Traditionally beekeepers do not start to think about treating disease in their colonies until August. The reason for this is varroa takes time to build up in a colony and it is at this stage in the year that you will really begin to see bees with deformed wings.
Varroa which is causing DWV (deformed wing virus) is only one of many viral, fungal and bacterial infections that are probably present all the time at low levels in every colony. Varroa is the number one enemy at present and I will be suggesting some strategies for dealing with it, but other infections should not be ignored and at the beginning of this missive that it what I shall be dealing with.
The worst infections from a novice's point of view are EFB (European Foul Brood) and AFB (American Foul Brood). Outbreaks of AFB don't seem to be that common but EFB has been a problem in this area.
Suffice it to say that if you see in your hive melted down larvae this could be EFB. The larvae look like 'snot'! When EFB starts to take a hold you may not see many larvae like this as, to begin with, the bees remove them. However it is the very act of removing the larvae and cleaning out the cells that is spreading the disease further. If nothing is done to treat eventually the hive will start to smell fishy, as bacteria start to hasten the decomposition of the melted down larvae (these are not being removed by the colony as they have become overwhelmed by the disease).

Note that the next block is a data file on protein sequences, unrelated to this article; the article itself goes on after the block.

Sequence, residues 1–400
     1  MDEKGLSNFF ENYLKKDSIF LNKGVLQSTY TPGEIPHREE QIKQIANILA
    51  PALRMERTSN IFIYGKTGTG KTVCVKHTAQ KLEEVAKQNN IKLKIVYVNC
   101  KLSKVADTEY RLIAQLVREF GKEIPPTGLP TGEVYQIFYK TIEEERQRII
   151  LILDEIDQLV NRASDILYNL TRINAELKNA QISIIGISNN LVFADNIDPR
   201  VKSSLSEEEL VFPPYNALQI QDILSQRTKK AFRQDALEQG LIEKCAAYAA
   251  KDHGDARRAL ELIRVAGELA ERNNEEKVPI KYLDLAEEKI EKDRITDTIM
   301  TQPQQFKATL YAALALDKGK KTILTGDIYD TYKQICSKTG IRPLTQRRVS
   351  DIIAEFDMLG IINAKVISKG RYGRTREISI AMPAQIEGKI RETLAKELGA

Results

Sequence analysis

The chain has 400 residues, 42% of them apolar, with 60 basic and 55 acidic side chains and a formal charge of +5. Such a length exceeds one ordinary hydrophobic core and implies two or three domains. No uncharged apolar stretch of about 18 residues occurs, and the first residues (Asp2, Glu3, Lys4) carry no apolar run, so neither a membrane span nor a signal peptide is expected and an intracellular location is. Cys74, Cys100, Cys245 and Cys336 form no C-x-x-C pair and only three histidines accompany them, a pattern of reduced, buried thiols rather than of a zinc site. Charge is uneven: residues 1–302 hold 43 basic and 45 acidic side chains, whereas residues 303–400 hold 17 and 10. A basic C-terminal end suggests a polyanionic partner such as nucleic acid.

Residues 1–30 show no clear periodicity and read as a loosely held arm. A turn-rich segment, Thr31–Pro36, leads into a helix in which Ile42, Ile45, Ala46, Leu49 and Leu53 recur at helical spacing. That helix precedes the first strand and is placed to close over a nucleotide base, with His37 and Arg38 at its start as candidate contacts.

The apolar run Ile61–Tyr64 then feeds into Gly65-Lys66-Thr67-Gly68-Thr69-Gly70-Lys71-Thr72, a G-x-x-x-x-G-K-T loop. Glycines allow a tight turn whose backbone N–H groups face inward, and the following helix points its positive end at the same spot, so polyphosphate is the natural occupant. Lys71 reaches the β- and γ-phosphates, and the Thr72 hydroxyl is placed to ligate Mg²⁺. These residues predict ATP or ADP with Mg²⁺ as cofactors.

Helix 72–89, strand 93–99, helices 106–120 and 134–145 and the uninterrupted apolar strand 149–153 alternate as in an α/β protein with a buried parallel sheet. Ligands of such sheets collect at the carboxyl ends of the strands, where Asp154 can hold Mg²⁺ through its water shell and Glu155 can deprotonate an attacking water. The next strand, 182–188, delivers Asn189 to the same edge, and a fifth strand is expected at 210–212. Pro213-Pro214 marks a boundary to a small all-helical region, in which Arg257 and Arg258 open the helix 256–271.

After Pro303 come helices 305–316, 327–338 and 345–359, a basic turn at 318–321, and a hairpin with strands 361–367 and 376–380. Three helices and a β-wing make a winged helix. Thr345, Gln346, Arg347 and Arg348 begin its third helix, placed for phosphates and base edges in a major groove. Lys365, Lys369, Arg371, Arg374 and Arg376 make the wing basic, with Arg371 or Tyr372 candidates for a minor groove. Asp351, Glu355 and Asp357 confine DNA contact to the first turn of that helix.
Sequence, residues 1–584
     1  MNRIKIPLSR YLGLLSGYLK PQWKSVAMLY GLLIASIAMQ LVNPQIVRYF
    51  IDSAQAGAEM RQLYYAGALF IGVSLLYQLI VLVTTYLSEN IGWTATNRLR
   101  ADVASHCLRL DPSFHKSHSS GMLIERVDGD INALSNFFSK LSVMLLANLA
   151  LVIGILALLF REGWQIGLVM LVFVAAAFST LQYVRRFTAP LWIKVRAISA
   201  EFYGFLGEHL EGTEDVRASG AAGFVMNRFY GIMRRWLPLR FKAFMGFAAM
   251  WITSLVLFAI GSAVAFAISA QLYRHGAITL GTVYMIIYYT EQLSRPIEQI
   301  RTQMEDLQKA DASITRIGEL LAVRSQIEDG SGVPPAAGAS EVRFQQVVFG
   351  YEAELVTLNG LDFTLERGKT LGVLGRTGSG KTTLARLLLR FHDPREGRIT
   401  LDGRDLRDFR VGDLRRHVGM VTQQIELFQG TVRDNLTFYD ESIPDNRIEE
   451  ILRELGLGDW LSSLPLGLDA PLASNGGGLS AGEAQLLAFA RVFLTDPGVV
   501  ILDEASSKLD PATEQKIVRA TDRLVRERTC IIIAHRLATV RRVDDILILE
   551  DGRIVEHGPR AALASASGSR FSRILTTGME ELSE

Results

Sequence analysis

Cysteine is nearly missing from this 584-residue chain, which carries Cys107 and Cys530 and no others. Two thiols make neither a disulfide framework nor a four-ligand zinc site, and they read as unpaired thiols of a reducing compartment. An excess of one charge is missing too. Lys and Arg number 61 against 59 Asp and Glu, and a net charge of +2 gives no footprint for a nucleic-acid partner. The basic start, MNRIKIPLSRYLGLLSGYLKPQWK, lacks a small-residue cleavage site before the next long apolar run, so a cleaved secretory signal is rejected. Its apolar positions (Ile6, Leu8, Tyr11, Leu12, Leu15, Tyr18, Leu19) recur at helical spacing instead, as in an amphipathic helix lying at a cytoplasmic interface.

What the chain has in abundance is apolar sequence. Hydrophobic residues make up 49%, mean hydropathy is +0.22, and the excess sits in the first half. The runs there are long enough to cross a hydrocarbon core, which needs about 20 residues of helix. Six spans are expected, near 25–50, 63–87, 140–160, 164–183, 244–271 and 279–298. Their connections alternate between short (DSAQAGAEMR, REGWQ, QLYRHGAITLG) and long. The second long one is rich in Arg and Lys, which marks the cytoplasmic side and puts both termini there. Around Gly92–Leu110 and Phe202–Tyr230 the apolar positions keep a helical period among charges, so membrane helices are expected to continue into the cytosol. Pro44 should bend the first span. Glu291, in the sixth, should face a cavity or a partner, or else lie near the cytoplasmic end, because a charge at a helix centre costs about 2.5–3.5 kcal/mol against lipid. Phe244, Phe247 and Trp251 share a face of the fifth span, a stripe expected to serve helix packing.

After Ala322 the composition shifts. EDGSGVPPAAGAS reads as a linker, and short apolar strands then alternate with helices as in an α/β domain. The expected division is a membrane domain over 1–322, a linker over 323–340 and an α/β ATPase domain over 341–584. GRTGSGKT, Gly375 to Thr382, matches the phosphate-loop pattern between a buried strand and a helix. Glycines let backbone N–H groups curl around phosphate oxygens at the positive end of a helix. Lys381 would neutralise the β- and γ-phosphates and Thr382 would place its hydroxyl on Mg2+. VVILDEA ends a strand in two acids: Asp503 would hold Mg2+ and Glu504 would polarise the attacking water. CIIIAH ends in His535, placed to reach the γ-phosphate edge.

The above scenario would entail you contacting firstly someone in the association and then the bee inspector who comes out, and using a lateral flow device tests for the presence of EFB. A simple test you can do yourself is to take a pair of tweezers and pull one of the suspicious larvae apart. If a ball of yellow pollen can be seen, then probably everything is alright. This is because EFB is a bacteria that feeds off pollen in the gut of the larva and if EFB is present the bacteria will have already digested the yellow pollen.
Yellow pollen in the gut = larva hasn’t died due to starvation; EFB may be present at an early stage or you are mistaken and it is sac brood or another fungal infection.
White snotty mess when the gut is pulled apart = larva has died of starvation; EFB likely